Jefferson Pinder, “Overture (Star of Ethiopia),” 2015. Two-channel HD video, 8 minutes
It is customary to begin a review of Jefferson Pinder’s work with a generalization about blackness, then to quote the artist’s goals for transforming the scene of American race relations. It is customary to note his debt to the Black Arts Movement, to marvel at his multidisciplinary expertise and to place him in relation to other artists—usually Glenn Ligon or William Pope.L—who likewise treat race through elliptical objects and performances. It is customary to mull the difficulty of de-racializing the racialized work of racialized artists. It is usually customary to do so with a twinge of white guilt. Read the rest of this entry »
Activist Art, Architecture, Design, Galleries & Museums, Hyde Park, Installation, Media & Genres, Multimedia, Photography, Prints, Sculpture, Video
Melanie Smith. “Fordlandia ,” 2014. Video still.
Utopias have vexed the art world of late. To name but one example: the first Summer Forum residency recently took place in New Harmony, a site of failed utopian living in Indiana. Meanwhile the critical currents of queer pessimism have forcefully militated against utopian longing, exemplified in the anti-futurity espoused by Lee Edelman. Utopias are dangerous and dreamy. Alluring and exclusionary. Read the rest of this entry »
Activist Art, Collage, Digital Art, Evanston, Galleries & Museums, Hyde Park, Installation, Multimedia, Painting, Performance, Video
“GERMONEY” banner at the German Pavilion, 56th Venice Biennale./Photo: Hito Steyerl
By Elliot J. Reichert
If I were not dreading what comes next, I would be happy for this year to be over. Read the rest of this entry »
Paul McCarthy. “Drawings,” installation view at the Renaissance Society, 2015/Photo: Tom Van Eynde
Do we still need Paul McCarthy? Once a criminally overlooked provocateur whose performances carried a powerful urgency in the late sixties and seventies, he is now firmly entrenched in both the art-historical canon and the global network of high-end art institutions. Read the rest of this entry »
Daniel Bruttig. “Tree House Taffy,” 2014. Hot glue, inks, crayons, paint, wood, clock cases, 14 x 13 x 6 inches.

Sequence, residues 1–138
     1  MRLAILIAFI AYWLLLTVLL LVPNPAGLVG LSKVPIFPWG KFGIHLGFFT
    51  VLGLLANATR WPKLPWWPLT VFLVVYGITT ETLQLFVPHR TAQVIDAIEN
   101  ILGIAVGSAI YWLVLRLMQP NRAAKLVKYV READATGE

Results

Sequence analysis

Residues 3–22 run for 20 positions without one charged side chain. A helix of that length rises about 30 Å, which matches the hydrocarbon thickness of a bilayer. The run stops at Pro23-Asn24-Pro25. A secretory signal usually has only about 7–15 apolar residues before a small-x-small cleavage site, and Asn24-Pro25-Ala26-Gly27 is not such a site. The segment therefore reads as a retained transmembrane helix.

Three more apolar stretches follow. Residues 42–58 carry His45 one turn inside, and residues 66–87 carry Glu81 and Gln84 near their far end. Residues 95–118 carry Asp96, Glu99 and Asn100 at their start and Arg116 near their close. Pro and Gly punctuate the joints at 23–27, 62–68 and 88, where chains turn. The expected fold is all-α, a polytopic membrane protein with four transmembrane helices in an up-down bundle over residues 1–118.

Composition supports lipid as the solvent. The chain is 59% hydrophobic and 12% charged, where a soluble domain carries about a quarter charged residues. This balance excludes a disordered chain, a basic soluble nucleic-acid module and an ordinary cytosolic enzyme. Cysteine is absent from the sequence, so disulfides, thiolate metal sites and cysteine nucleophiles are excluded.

The failure of the modernist enterprise brought about an injunction to rethink the shape of time. Time was once linear, logical and homogenous. Now it’s gloopy, viscous and prone to pooling in weird ways. Read the rest of this entry »
Václav Zykmund. “Untitled, Woman with dangling hair,” probably 1944. Gelatin silver print, vintage impression. Smart Museum of Art, The University of Chicago.
Over forty photographs from the Smart’s own collection prove that a small exhibition can be a unique and wide-ranging survey. This show, related to the larger exhibition of Expressionism on display in other galleries, represents what is increasingly becoming known as a golden age of modernist European photography. Read the rest of this entry »
Installation view of “Agnès Varda: Photographs Get Moving (potatoes and shells, too),” 2015/Photo: Nabiha Khan
Agnès Varda’s small but mighty exhibition blurs media and spans nearly sixty years of her artistic production, with the humble potato at the root of it all. Read the rest of this entry »
Hans Hofmann. “House on the Hill,” 1943.
Ink and watercolor on wove paper. Smart Museum of Art, The University of Chicago, from the collection of Janice and Henri Lazarof, 2000.35.
Raw, emotional and distorted, the Expressionist movement brought a subjective perspective of the world to the surface of the canvas. Although this style of art has historically been seen as a German and Austrian movement, “Expressionist Impulses” surveys the work of artists from surrounding countries such as Poland, Romania and the former Czechoslovakia, which simultaneously critiqued political and social concerns. By exhibiting artists from outside of Germany, the Smart Museum has elevated countries involved in the Expressionist style and tendencies that are often overlooked. Read the rest of this entry »
Design, Digital Art, Drawings, Galleries & Museums, Hyde Park, Installation, Multimedia, Painting, Photography, Prints, Sculpture
Antony Gormley, After an idea by Gabriel Mitchell, “Infinite Cube,” 2014.
Mirrored glass with internal copper wire matrix of 1,000 hand-soldered omnidirectional LED lights.
On the occasion of the University of Chicago’s 125th anniversary, the Smart Museum of Art has compiled an exhibition of objects from its collection spanning three millennia that explore the multifaceted nature of memory. Works such as Zdenek Tmej’s “Broken Glasses, Breslau” and Arthur Amiotte’s “Wounded Knee III” capture violent moments of the past—burdensome memories to carry that are nonetheless worthy of preservation. Read the rest of this entry »
Irena Haiduk. Installation view, “Seductive Exacting Realism,” 2015/Photo: The Renaissance Society
For the first thirty-five minutes of each hour, the gallery is cacophonous. Haiduk consigns the other twenty-five minutes to silence. For just less than half the day, “Seductive Exacting Realism” is absent. In “Waiting Rules,” Ivo Andric tells us that “the surest way to rule is to infect others with waiting.” Arrive too late, and it becomes clear that patience is a prison that springs from the self. Read the rest of this entry »